Robben Island Museum (RIM) has announced that it unable to sustain its annual bursary fund for the 2021 academic year after experiencing a 90% drop in visitors over the holiday season. Picture: Henk Kruger/ANA/African News Agency
Robben Island Museum (RIM) has announced that it unable to sustain its annual bursary fund for the 2021 academic year after experiencing a 90% drop in visitors over the holiday season. Picture: Henk Kruger/ANA/African News Agency

Robben Island Museum no longer able to fund bursaries for 2021 due to Covid-19

By Staff Reporter Time of article published Mar 5, 2021

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Cape Town - Robben Island Museum (RIM) has announced that it is unable to sustain its annual bursary fund for the 2021 academic year after experiencing a 90% drop in visitors over the holiday season.

The RIM made the announcement on Friday, stating that it had been severely impact by the Covid-19 pandemic.

RIM CFO Blayne Crocker said: “Covid-19 and the related economic onslaught has placed us in an unprecedented financial situation, where our most pressing challenge is our short-term sustainability. We will therefore not be considering bursary applications for 2021.”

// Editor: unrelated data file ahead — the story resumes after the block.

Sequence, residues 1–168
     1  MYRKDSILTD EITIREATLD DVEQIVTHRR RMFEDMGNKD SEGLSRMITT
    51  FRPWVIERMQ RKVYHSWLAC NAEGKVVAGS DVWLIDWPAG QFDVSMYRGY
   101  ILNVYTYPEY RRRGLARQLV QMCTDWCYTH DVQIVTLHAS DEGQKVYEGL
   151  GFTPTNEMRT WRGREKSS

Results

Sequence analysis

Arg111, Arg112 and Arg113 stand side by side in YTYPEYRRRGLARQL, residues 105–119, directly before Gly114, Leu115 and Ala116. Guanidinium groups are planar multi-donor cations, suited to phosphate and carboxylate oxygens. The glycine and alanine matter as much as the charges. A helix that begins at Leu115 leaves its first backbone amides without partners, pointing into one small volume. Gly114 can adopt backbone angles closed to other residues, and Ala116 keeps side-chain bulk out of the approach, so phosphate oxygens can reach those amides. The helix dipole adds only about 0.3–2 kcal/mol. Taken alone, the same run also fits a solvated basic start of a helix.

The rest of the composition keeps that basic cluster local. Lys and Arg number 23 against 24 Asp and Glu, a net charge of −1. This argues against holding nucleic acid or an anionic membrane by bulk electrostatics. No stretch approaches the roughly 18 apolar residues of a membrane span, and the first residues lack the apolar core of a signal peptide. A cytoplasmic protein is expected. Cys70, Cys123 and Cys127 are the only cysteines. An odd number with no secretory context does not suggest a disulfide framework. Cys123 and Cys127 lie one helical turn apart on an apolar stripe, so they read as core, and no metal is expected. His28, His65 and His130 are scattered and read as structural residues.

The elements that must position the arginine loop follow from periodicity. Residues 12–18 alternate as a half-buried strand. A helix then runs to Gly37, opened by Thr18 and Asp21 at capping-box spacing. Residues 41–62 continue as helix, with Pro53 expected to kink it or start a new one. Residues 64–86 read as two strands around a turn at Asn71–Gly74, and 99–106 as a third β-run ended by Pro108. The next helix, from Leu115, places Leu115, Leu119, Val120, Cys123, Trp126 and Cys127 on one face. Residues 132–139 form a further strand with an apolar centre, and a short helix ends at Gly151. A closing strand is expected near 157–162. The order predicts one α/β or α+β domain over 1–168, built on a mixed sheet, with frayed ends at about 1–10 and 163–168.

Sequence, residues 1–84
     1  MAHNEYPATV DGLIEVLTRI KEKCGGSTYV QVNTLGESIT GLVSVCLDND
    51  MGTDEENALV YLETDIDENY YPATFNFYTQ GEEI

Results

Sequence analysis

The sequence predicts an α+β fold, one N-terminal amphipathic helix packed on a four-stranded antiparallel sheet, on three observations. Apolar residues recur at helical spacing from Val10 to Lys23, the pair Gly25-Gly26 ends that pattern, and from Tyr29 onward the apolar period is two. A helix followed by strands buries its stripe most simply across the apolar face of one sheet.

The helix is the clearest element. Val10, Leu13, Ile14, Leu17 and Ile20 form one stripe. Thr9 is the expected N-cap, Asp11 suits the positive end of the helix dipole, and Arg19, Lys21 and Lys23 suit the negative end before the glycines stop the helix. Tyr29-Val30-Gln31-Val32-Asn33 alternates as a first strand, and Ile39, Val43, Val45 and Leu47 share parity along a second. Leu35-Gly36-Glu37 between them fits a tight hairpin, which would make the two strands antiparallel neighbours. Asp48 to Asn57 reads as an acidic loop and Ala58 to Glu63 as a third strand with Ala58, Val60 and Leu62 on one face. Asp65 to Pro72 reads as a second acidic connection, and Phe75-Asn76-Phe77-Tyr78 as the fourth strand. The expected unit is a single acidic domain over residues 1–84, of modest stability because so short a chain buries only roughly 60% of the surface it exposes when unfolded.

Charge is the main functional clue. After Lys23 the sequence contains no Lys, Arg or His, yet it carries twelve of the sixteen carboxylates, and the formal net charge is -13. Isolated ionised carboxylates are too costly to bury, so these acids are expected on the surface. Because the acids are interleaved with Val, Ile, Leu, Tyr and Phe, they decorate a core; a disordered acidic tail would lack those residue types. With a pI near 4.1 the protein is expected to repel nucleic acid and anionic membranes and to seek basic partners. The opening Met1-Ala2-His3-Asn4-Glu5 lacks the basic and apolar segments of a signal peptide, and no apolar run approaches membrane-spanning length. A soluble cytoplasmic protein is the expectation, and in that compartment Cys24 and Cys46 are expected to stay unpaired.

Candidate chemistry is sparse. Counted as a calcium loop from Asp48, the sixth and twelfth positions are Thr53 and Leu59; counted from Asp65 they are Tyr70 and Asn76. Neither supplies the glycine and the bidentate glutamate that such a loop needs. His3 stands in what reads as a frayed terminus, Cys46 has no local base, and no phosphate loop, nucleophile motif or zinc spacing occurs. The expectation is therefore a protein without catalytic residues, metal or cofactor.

Education is a strategic pillar for RIM and the museum has a long history of funding students in the field of Museums and Heritage studies, Social Science and History.

Former Political Prisoners described Robben Island as the “University of Life” for it is here where strategies for a future society based on tolerance, respect and non-racialism were nurtured.

RIM Senior Manager: Marketing and Tourism, Siphuxolo Mazwi said: “We believe that RIM will survive the economic impact of this pandemic that has wreaked havoc in the tourism sector, destroying both lives and livelihoods.

“We continue to explore ways to attract visitors, particularly domestic travellers and we look forward to being in a position to fund education in South Africa for the next academic year.”

Back in February, Robben Island had to also cancel it’s annual Valentine’s Day weddings due to the pandemic.

The event, which is held on February 14 annually, was cancelled after Minister of Home Affairs Dr Aaron Motsoaledi announced the temporary suspension of applications for IDs, passports and marriage services, due to some Home Affairs (DHA) staff testing positive for Covid-19.

This year would have marked 21 years of celebrating love on Robben Island.

Cape Argus

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